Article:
In the grand philosophical scheme of things, I probably agree with the hon. Lady, but the purpose of the Bill is to ensure, as we move online, that the rules are common across civil, family and tribunal procedures. To my mind, it is about ensuring, as we move online, that they operate to a common procedure in order to harness the user experience wherever possible, and that is what this Bill seeks to do.
Secondly, the Bill clearly recognises that some people may not want or be able to use our online services, even with support, so it makes explicit provision for the availability of non-electronic channels, which will of course include paper. That was always the Government’s intention, and we have now made clear the provision for users to choose a paper option throughout proceedings.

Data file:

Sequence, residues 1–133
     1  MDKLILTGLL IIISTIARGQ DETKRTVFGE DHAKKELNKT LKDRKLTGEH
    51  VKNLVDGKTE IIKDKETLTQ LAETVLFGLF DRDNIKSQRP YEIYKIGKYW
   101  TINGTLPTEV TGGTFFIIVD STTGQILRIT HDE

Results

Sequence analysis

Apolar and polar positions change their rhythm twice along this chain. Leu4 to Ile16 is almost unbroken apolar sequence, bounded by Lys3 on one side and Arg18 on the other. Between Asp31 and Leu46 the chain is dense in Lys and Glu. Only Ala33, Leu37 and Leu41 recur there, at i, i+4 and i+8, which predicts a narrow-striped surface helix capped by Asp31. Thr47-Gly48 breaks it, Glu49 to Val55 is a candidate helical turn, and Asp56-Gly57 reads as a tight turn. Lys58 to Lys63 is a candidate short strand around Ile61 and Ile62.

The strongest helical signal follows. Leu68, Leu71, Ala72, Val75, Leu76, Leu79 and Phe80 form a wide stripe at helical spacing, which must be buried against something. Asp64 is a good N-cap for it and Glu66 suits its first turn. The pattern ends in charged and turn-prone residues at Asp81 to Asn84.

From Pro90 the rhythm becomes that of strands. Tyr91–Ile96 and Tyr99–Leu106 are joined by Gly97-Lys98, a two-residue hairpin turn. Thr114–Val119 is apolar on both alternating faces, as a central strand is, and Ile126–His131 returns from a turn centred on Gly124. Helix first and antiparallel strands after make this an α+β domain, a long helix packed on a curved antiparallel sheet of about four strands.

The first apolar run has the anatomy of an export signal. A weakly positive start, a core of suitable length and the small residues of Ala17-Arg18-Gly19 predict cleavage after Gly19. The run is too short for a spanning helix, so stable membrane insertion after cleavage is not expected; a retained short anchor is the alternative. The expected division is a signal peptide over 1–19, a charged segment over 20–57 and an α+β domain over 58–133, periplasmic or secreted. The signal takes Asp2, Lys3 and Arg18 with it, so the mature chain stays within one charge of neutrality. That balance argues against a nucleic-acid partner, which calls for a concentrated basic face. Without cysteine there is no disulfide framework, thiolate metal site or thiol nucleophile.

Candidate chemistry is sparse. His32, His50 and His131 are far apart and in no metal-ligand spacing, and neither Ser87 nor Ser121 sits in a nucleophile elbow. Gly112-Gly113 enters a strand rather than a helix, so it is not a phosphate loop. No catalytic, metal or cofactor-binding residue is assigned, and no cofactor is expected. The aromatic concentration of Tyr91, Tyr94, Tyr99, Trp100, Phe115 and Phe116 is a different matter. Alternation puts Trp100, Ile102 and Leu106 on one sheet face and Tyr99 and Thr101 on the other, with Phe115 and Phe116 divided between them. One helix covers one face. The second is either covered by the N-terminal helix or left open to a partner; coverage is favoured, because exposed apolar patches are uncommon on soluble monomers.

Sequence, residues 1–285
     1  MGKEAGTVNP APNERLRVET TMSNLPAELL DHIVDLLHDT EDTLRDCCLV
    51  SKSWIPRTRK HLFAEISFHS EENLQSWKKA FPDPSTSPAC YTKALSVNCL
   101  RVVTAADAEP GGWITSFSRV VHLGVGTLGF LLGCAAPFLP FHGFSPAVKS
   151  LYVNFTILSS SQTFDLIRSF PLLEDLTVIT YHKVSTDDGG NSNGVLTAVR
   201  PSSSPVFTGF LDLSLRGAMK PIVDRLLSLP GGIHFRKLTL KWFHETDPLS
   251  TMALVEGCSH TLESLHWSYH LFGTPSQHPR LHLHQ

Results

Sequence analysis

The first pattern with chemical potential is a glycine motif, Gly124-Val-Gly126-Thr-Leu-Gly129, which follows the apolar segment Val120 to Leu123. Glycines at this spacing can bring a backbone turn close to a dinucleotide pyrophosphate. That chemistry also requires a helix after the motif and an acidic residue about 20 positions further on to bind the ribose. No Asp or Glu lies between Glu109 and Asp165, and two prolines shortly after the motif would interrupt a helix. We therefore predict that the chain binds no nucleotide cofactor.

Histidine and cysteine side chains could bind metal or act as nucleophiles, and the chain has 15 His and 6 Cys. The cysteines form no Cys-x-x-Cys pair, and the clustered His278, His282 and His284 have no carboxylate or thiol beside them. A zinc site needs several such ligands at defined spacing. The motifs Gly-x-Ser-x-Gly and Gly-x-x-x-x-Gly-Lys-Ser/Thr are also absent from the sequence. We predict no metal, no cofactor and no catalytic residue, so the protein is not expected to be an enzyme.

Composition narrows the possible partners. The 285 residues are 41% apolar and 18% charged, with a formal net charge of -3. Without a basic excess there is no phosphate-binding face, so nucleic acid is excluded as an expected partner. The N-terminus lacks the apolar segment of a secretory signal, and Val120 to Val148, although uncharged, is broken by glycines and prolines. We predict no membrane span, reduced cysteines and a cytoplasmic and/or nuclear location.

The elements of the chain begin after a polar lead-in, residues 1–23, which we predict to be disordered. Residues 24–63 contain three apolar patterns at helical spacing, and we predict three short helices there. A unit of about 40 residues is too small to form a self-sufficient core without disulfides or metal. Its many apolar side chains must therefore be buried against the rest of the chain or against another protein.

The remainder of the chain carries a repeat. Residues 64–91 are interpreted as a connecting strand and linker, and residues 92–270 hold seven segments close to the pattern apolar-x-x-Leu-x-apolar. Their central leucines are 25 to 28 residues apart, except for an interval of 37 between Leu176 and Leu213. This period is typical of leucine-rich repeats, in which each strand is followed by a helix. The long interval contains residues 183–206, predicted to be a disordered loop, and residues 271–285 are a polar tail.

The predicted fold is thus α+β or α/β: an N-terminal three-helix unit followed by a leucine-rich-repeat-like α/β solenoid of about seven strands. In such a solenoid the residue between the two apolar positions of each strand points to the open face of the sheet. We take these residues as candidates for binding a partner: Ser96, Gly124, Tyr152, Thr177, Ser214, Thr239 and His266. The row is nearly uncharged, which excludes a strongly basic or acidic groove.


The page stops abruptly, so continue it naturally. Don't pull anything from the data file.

We are clear that this Bill will not prevent anyone from accessing justice; rather, it will improve access to justice by opening up a new route of access and creating a swifter, easier alternative for litigants. The reforms I have discussed are part of our important manifesto commitment to reform our courts and make them fit for the 21st century. For those reasons, I commend the Bill to the House.